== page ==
The TTL of the query is the amount of time that the results of a query are cached before the results are re-requested from a database. The following sequence of events occurs:
In real-world applications, the TTL of a query will likely be either extremely short, or extremely long. Take the following examples:
The most common usage for cached queries is returning static data sets, for example a database-provided key-value pair to populate a select list. The permanancy of the data may be such that the TTL of the query requesting it might not need be no more than once per day, in seconds therefore it would be:
60 * 60 * 24 = 86400
Determining the appropriate TTL for a short life request is much more difficult.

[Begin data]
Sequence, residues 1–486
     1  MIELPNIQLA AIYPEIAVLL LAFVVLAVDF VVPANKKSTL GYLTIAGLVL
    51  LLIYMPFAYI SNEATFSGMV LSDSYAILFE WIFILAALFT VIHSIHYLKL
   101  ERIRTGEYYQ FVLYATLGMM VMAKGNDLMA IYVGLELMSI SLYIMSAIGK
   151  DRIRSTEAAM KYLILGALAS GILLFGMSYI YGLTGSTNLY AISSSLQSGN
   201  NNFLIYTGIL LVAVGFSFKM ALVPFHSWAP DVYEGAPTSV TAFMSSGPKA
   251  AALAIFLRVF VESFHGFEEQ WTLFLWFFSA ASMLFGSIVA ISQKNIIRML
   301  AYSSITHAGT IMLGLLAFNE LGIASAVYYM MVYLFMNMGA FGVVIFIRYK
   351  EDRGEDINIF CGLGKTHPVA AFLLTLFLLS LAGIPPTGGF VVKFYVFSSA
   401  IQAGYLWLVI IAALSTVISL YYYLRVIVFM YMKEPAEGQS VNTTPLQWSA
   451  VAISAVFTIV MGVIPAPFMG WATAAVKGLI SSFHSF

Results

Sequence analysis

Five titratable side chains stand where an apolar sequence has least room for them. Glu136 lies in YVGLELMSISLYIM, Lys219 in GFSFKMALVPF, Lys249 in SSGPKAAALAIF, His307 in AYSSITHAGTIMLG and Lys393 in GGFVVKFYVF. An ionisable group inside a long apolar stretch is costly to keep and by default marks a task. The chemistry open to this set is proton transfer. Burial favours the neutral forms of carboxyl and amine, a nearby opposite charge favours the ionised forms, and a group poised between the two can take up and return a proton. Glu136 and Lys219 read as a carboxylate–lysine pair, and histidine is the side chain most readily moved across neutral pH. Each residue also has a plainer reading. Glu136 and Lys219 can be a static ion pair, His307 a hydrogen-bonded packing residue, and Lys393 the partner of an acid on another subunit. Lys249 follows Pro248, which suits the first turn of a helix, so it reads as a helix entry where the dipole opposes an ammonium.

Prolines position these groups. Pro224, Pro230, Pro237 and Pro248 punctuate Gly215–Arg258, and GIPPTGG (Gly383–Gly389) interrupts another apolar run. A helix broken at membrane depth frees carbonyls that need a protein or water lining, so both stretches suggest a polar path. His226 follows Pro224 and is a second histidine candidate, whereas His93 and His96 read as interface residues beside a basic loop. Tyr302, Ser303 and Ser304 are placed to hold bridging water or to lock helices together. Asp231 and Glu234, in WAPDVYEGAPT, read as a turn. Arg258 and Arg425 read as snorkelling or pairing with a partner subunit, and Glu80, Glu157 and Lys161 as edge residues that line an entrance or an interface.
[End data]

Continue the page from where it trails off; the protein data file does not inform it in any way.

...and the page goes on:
As system design has moved towards real-time response, the TTL for short-life requests has decreased. The critical factor has become the frequency with which a recordset is requested, rather than how often the data changes.
For example, in a large system where a single specific query is requested 100 times a minute, but the returned data changes once per hour, the TTL of such a request might be as low as 60 seconds.
On a well configured system, the results of such a request would likely be cached by the system or server itself, but a heavily loaded server might benefit from the reduction of preparation and issuing of the query from 100 to 1 times per minute. If the query itself is complex, or suffers from poor index design, the benefit could be even greater.